The History of the Jones Act

February 01, 2011 @ 03:23 PM -- by

As a Corpus Christi and Port Lavaca Texas maritime and  Jones Act lawyer, the history of the Jones Act is interesting to me. Prior to 1920, seafarers had very little legal protection against horrible working and living conditions while working aboard ships. With the passing of section 27 of the Merchant Marine Act of 1920, which is now referred to as the Jones Act, workers aboard ships received better safety and better remedies if they got injured. The Act received its name from Senator Wesley L. Jones of Washington state, who proposed the law to maintain a good and viable working force on the seas. This was intended to increase the growth of worldwide marine commerce.

Even though the rights of working seamen were recognized around the world for several centuries, the Jones Act codified their protection, rights and remedies under United States’ courts. Over the years, the Jones Act has been rewritten and amended various times. In 2006, the latest version of the Act was codified.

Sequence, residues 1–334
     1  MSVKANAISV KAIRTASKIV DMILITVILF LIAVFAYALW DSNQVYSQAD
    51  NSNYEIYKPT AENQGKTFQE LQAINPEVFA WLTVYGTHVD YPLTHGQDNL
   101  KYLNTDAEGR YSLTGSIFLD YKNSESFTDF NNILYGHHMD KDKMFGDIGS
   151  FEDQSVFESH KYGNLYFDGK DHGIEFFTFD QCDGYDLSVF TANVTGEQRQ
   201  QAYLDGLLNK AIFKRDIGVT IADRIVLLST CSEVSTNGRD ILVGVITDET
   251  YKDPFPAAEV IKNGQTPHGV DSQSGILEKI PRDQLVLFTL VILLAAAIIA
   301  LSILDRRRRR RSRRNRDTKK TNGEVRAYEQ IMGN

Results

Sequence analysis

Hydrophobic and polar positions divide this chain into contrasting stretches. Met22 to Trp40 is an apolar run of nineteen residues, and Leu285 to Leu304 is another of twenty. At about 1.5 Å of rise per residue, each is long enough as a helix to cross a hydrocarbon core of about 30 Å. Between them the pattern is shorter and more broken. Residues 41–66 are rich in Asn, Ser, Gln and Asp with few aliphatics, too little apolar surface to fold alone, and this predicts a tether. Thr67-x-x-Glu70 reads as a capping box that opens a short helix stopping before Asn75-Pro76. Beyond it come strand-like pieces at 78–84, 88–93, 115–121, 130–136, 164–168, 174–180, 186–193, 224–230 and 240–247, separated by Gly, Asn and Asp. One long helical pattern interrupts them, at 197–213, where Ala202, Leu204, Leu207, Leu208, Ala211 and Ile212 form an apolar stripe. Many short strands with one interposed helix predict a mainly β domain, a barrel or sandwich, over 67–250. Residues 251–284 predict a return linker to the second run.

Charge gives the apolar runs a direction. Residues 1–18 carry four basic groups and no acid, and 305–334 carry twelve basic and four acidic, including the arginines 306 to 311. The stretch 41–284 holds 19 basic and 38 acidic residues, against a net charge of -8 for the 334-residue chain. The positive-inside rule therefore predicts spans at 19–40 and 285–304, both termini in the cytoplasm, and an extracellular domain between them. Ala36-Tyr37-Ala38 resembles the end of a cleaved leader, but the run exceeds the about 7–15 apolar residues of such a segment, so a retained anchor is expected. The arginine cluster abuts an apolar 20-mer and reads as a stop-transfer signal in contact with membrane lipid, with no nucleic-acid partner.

The Jones Act is a cabotage law, which governs the transport of passengers or goods between two points within the same country. Under the law, 75% of the vessel’s crewmembers must be United States citizens.

The Jones Act does a great job of protecting sailors by allowing them to claim damages from their employers for negligence. This negligence may be caused by the ship owner, the captain, or a crewmember. The seaman may also have a claim for unseaworthiness of the vessel. Generally speaking, the seafarer has to spend at least 30% of his time in the service of the vessel on navigable waters. Whether a worker is a Jones Act seaman is often a highly contested and litigated issue.

The Jones Act has had some criticisms. Some people believe that the various restrictions and regulations on shipping and safety and working conditions causes the cost moving goods, commerce and passengers between ports to rise. This is probably true to a certain extent, but in my mind the greater safety is worth the extra cost. Contact Corpus Christi and Port Lavaca maritime and Jones Act attorneyScott Nelson if you or a loved one needs help with a maritime matter.